Large oil and gas reserves in the Middle East offers little incentive to transition to low carbon alternatives

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  • Large oil and gas reserves in the Middle East have resulted in especially low domestic energy prices and provide little incentive to transition to low carbon alternatives, according to Wood Mackenzie’s Middle East Energy Transition Outlook (ETO) report.

This report is part of Wood Mackenzie’s ETO research series, which explores three potential outcomes for the region’s energy and natural resources sector*.

The region’s energy mix consists of 97% hydrocarbons today, with renewables share expected to grow to just 15% by 2050 in Wood Mackenzie’s base case. However, ambitious regional and global climate and renewable energy targets present an opportunity to companies in the Middle East. Decarbonising its energy export portfolio could help the region achieve its own net zero pledges by around mid-century.

“The Middle East could play a key role in decarbonising the global economy given its abundant natural resources, both fossil-based and renewable. It has the potential to carve out new niches, industrial manufacturing and generate hubs for emerging technologies. Saudi Arabia and the United Arab Emirates have set sights on becoming energy transition leaders as they look to carbon capture, utilisation and storage (CCUS), and low-emissions fuels such as hydrogen, ammonia and methanol, as well as green steel, cement and aluminium,” said Prakash Sharma, Vice President, Scenarios and Technologies Research at Wood Mackenzie.

“Countries importing oil and gas from the Middle East are seeking low carbon alternatives, so broad diversification is required to de-risk oil dependency. The region is fully aware of the challenge and is investing in the petrochemical industry, hydrogen production and CCUS projects. Several countries in the Middle East have announced Hydrogen and CCUS roadmaps and looking to develop projects. COP28, taking place in Dubai, could fast track the decision-making and invite foreign investments needed to secure a sustainable energy future,” Prakash added.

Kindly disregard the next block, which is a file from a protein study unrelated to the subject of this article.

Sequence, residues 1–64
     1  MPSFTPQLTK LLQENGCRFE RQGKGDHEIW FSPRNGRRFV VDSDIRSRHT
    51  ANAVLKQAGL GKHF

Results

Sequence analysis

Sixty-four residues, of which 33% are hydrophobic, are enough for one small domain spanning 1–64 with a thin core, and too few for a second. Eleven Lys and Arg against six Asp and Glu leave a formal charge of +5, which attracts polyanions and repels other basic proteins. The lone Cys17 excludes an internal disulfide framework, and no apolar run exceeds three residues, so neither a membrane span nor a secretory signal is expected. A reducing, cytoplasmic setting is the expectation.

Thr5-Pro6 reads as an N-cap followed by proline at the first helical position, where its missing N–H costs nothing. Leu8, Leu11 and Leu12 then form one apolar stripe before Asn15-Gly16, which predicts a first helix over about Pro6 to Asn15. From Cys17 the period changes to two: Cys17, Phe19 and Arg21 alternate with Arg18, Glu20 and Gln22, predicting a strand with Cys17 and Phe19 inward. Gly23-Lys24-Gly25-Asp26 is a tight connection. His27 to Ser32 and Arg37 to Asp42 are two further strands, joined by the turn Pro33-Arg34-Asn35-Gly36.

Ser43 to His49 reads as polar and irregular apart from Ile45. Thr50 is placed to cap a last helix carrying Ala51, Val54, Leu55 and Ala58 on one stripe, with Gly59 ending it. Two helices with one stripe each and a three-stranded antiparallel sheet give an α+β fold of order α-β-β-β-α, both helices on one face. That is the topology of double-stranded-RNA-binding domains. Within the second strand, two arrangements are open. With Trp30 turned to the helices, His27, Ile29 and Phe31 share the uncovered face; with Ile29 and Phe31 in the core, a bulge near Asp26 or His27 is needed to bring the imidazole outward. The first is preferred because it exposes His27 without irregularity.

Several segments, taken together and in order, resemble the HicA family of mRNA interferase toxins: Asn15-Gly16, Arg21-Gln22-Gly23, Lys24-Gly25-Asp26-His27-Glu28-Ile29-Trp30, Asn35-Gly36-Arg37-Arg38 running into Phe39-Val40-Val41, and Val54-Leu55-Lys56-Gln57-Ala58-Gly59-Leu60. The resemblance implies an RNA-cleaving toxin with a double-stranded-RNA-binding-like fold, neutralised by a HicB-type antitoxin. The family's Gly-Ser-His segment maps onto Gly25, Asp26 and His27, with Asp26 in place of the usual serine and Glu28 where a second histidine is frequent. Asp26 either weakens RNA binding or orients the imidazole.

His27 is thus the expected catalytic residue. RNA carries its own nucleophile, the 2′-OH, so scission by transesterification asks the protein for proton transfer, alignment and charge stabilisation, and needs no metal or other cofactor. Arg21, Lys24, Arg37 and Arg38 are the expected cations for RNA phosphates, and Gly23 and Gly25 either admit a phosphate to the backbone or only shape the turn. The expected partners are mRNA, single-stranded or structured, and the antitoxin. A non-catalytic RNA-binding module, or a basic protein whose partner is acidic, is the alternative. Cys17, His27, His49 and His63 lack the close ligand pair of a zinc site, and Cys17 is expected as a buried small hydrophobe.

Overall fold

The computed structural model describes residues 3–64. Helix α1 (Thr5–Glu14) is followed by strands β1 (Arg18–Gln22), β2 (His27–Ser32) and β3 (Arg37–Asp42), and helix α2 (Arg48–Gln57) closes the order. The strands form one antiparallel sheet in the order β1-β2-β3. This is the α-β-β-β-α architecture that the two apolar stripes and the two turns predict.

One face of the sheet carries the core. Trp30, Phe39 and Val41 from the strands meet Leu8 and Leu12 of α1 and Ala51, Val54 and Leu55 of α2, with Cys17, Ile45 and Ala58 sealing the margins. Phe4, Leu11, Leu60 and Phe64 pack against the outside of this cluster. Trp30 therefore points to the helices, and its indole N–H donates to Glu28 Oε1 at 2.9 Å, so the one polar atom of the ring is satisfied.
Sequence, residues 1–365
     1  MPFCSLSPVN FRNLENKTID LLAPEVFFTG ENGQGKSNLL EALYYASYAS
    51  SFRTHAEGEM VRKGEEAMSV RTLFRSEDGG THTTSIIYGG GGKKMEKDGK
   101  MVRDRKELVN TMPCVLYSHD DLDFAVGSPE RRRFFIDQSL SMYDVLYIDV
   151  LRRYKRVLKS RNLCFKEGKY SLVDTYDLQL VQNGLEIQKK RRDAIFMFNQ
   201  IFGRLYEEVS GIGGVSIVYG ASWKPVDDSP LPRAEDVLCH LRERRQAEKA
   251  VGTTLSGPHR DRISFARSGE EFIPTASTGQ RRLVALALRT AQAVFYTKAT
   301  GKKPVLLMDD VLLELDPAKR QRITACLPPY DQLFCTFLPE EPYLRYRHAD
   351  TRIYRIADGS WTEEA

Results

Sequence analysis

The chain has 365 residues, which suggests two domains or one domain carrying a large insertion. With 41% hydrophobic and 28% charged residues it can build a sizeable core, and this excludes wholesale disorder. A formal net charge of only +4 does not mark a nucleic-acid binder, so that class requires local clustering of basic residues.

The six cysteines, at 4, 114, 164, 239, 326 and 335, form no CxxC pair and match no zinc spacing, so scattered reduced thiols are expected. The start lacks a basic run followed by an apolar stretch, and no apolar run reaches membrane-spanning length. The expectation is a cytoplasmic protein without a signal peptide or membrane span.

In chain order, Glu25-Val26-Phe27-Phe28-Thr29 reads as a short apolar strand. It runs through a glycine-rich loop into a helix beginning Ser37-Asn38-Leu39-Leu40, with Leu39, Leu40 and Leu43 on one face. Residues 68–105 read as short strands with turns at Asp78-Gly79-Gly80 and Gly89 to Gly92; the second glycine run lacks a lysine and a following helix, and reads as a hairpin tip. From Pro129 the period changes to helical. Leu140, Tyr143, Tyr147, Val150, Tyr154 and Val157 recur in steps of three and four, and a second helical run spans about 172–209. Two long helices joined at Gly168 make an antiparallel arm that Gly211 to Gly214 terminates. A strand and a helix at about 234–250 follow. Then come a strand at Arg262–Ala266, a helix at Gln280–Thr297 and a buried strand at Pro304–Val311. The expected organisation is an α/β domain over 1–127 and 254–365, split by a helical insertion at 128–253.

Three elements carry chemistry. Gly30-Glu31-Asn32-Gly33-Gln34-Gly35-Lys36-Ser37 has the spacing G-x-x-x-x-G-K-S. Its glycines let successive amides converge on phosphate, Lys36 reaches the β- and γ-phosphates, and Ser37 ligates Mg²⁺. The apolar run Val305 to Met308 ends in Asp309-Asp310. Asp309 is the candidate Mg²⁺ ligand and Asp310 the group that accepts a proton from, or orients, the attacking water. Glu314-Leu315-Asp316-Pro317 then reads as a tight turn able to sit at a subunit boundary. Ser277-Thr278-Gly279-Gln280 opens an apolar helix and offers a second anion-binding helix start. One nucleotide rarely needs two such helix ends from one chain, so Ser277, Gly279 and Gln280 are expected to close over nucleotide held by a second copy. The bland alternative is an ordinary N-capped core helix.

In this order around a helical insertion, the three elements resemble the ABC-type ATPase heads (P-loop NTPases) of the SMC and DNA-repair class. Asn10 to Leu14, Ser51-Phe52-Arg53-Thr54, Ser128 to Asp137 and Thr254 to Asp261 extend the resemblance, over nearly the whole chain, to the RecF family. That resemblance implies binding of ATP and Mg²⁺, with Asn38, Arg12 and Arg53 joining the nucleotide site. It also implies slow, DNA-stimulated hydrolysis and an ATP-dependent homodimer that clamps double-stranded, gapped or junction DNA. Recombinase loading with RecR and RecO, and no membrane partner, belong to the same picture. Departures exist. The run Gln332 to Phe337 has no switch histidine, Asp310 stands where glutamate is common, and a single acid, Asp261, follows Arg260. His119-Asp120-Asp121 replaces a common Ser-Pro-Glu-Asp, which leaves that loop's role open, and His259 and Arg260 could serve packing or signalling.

Despite many countries in the region setting ambitious targets, the region’s emissions are still forecasted to remain at current levels of 2 billion tonnes (Bt) CO2 through to 2050 in Wood Mackenzie’s base case, with the Middle East expected to reach net zero by 2065 in the pledges scenario.

Despite electricity demand doubling in 2050 from current levels, largely due to wind and solar penetration increasing from 5% to 49% in the same period, power sector emissions fall by just 16%. These reductions are offset by industrial and transport emissions growing by 30% and 13% respectively.

Electric vehicle (EV) penetration is also expected to reach only 6% by 2050, due to a lack of policy support in the region and low cost of petrol.

To reach net zero, the Middle East must electrify and deploy new technologies in its industrial sector, electrify 75% of its road transport fleet, and meet this increased power demand through fully decarbonised supply, according to Wood Mackenzie’s latest report.

Baseload power and heavy industrial sectors will require widespread deployment of CCUS, with remaining emissions abated through nature-based solutions.

Diversification in progress across the Middle East